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Saturday, 23 February, 2002, 15:13 GMT
Kenya split over Bush abortion policy
Women in the slums of Nairobi
Kenyan women are finding family planning more difficult
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By the BBC's Ishbel Matheson in Nairobi

Family planning organisations in Kenya say they are being forced to close clinics in the slums after a cut in funding from the US Government.

Alice Njoki calls the receptionist at a busy clinic in the Eastleigh slum of Nairobi.

Alice, a fruit seller in Nairobi, steps up to the desk and hands over her appointment card.

She has been coming here for five years. Alice is not a rich woman, but she devotes her small income to giving her only child, Thelma, a good upbringing.

Her hope is that her daughter will grow up and leave their slum home.

Funding cut

This dream is unlikely to be realised if Alice gets pregnant again, as she cannot afford another child.

Alice Njoki (left) with a clinic worker
Alice Njoki (left) fears that she may not be able to afford contraception
Once a month, she receives a contraceptive injection at this clinic. But a decision taken far away in America is about to have an impact on Alice's life.

"I'm sorry to tell you", says the nurse, as Alice rolls up her sleeve for the injection, "This is the last time you will be here."

"From the end of the month, we are closing down."

The clinic is one of five across Kenya to be shut because of a decision taken by George W Bush shortly after he became President last year.

He announced that the US Government would not fund international agencies which support abortion.

The move was seen as an attempt to appease the powerful anti-abortion lobby in the United States.

But the clinics run by pro-choice organisations in Kenya, mainly offer family planning services, not abortion.

Expensive alternative

The Eastleigh clinic is run by the Kenya Family Planning Association, which is part of the larger International Planned Parenthood Federation.

Some mothers end up doing abortion in the backstreets because they do not have any alternative

Marie Stopes clinic worker Martha Warratho
It offers a cheap but high-quality services.

The nurse tells Alice of an alternative privately-run clinic where she can receive her monthly injection, but it will cost her three times as much.

Alice does not know whether she can afford it.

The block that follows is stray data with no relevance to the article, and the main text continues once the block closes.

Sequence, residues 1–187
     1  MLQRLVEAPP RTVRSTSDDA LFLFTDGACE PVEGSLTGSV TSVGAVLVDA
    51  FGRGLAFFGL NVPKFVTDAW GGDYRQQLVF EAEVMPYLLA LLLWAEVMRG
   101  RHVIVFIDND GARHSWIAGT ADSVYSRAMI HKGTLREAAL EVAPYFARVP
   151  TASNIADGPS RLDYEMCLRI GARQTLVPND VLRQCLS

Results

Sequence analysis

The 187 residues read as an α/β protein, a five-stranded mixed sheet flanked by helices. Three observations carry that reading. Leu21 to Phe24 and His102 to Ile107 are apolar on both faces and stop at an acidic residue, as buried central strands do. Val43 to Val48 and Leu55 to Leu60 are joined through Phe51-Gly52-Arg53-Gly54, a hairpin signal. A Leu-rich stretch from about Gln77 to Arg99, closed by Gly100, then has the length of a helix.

"I don't know what's going to happen now. I'm afraid I might get pregnant," she says.

The Family Planning Association's director is Godwin Mzenge.

He says his funding has been cut by 20%, and there may be worse to come.

"We may end up closing eight of our 14 clinics," he says.

"It means maybe three-quarters of the organisation will collapse altogether."

Poor affected

He points out that it is not just birth control services which are lost. Breast cancer screening and cervical smear tests will also go.

If you take away family planning services, the number of abortions goes up

Dr John Nyamu
At the headquarters of Marie Stopes in Nairobi it is a similar picture.

They have closed two clinics, one in Mathere slum in Kenya and another in Kisumu, Western Kenya.

Head of clinical services there, Martha Warratho, says the Bush administration's policy hits poor women hardest.

"Without family planning, you have unwanted pregnancies," she says.

"Some mothers end up doing abortion in the backstreets because they do not have any alternative."

Dangerous procedures

Technically, abortion is illegal in Kenya however the law is widely flouted and it can cost as little as $10 to have a backstreet abortion.

But it is dangerous, and many women die every year from these primitive procedures.

Dr John Nyamu, who runs a reproductive health practice, is blunt about the consequences of the Bush administration's policy.

"If you take away family planning services, the number of abortions goes up," he says.

But supporters say it is not the US Government which is closing down clinics in Kenya.

Grover Joseph Rees is an adviser to Congress.

He points out that organisations like Marie Stopes had a choice. "Marie Stopes had to make a decision if it wanted to keep on getting US Government funds," he says.

"It made the decision that it was more important for them to be in the abortion business."

Anti-abortionists approval

Privately, American officials argue the impact of the US policy in Kenya will be limited.

Dr Jean Kagia with a baby patient
Dr Kagia says that foreign pro-choice organisations should not work in Kenya

The bulk of US money for family planning is spent in the state sector.

This is not affected by the new rules on funding, because the Kenyan state does not sanction abortion.

Kenyan anti-abortionists also welcome the US intervention.

Dr Jean Kagia is obstetrician by profession. She is dismayed by the ease of access to abortion in her country.

Her view is that foreign, pro-choice organisations should not be allowed to operate in Kenya.

"Close them all down," she says.

"If a donor country has realised that this has actually made the population smaller by killing the population of that country, I say thank you very much indeed to the US government."

But American policy is forcing poor women like Alice make stark choices.

Ironically, if they cannot find the money to pay for more expensive birth control, some may choose the dangers of cheap abortion.

See also:

25 Jan 01 | Americas
Dismay over Bush abortion move
23 Jan 01 | Americas
Bush blocks abortion funding
24 Jan 01 | Americas
Analysis: Bush's abortion signal
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